A vacant cell a short distance from Tristan’s own was set up as a nursery. The three men shared the circular bed, which had been surrounded with padding to keep them from injuring themselves while they slept. Nurses of both sexes came and bathed them - the one time whem they did not wear their nanosuits - and fed them and entertained them and put them back to bed.
And Tristan sat and watched with increasing despair. It would be months before they could even learn to walk again, and who knows when they would learn to read and write. As he watched them being spoon fed by an attractive blonde cultural anthropologist who, under normal circumstances would have elicited a very different response from her three charges, particularly Smeed, Tristan could not recall a time in his life when he had felt so alone.
He had no idea what the Dynasty would do when it found them in this state. They were supremely vulnerable, and there were certain branches of the armature of state, he knew, which would be keen to experiment on them. And there was no one standing in their way but a bunch of monks and him.
He jumped, clutching at his chest as his heart did a tremulous little dance. His keen hearing had registered the footfall behind his back, but it was worthless when his mind was elsewhere.
“Arianne.” There she was, standing at his shoulder, those glacial blue eyes looking down intently into his. He looked again at the three men. “They’re children - babies,” he sighed.
Her hand came to rest on his shoulder in a gesture that was eloquent beyond words.
After a protracted silence, he said, “Arianne, about yesterday...”
“I’d prefer not to talk about it,” she replied with crushing finality. There was a further pause, and then she said, “Let’s go.”
Tristan got up, and they walked slowly back to his room.
Tristan slumped in a chair, lost in his thoughts. Arianne took up a position by the window, watching intently as the abbey went about its daily business.
After a few minutes, she said, “Tell me about nanotechnology.”
Tristan closed his eyes and gripped the arms of the chair. “Not now,” he answered.
“Yes, now,” Arianne said softly.
He saw it for what it was: a device to take his mind off what he had just seen. But behind it also lay a genuine interest. “What do you want to know?” he said tiredly.
“Well, you people are always saying it’s not unnatural, having these machines running round in your bodies and so forth. How is that so?”
Tristan thought for a moment. The biochip encyclopaedia implanted in his brain fed the appropriate entry into his cerebral cortex, and he duly regurgitated it for Arianne’s benefit. “Well, every living thing, from the smallest microorganism to the largest megafauna, Arctinian plant-mats, whatever, is based on exponential cell duplication. One cell becomes two, two divide and become four, four make eight, and so on. Assemblers, the microscopic machines on which our whole society is based, manufacturing whatever we need in precisely the right quantities, operate on exactly the same principle, but with a far greater degree of control than is found in nature. That’s all. They put together the required substances, atom by atom, with no strays and nothing surplus. And they can achieve formations which occur in nature only on a very irregular basis, like diamonds, on a production-line basis. As for the ones in our bodies, well, left to themselves, our bodies reach a certain peak of performance, but then they start to decline as the number of defective cells increases. When you die, it doesn’t matter whether it’s in an accident, or from disease, or simply from old age, the real cause is always the same: the number of functioning cells in the critical organs of your body have declined beyond the minimum required for the organ to perform. The assemblers inside each cell have a template of what a healthy cell should be like, and when the cell suffers damage, the assemblers repair it. The result is continuous perfect health. The only losers are the phagocytes, the cells that eat dead cells. They have a somewhat reduced bill of fare. But they have other jobs to do, so they don’t even become redundant the way the appendix did.”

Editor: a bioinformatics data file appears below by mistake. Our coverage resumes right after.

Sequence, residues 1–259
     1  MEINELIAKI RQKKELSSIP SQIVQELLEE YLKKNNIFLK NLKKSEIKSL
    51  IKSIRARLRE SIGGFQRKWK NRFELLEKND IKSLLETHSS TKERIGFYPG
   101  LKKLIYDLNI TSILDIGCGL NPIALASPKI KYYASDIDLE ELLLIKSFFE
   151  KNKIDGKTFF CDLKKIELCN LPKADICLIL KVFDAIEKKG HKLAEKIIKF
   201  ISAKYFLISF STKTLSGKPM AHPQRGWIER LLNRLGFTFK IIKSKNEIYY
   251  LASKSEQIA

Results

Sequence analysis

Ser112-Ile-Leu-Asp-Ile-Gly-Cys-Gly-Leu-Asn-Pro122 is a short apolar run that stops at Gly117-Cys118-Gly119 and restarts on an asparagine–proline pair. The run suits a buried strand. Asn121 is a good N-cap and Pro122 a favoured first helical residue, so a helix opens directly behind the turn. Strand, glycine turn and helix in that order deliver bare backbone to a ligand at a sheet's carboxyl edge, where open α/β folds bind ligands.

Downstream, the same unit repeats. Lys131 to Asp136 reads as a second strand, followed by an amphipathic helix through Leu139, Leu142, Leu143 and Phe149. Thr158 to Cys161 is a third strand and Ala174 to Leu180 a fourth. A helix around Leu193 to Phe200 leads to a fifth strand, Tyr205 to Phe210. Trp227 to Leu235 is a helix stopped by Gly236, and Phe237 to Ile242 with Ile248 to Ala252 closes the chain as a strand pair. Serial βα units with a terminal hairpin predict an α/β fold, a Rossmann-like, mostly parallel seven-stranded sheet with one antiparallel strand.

“Immortality, then?” Arianne prompted him, recalling their earlier conversation by the lake. She was hoping to wipe the slate on some of what had taken place between then and now.
“Not quite, because eventually entropy comes into play, but it’s damn close. And it’s no more unnatural than putting a loose brick back into the wall of your house when it falls out.”
Arianne crossed her arms. “So why was there the fear and loathing when it was first introduced?”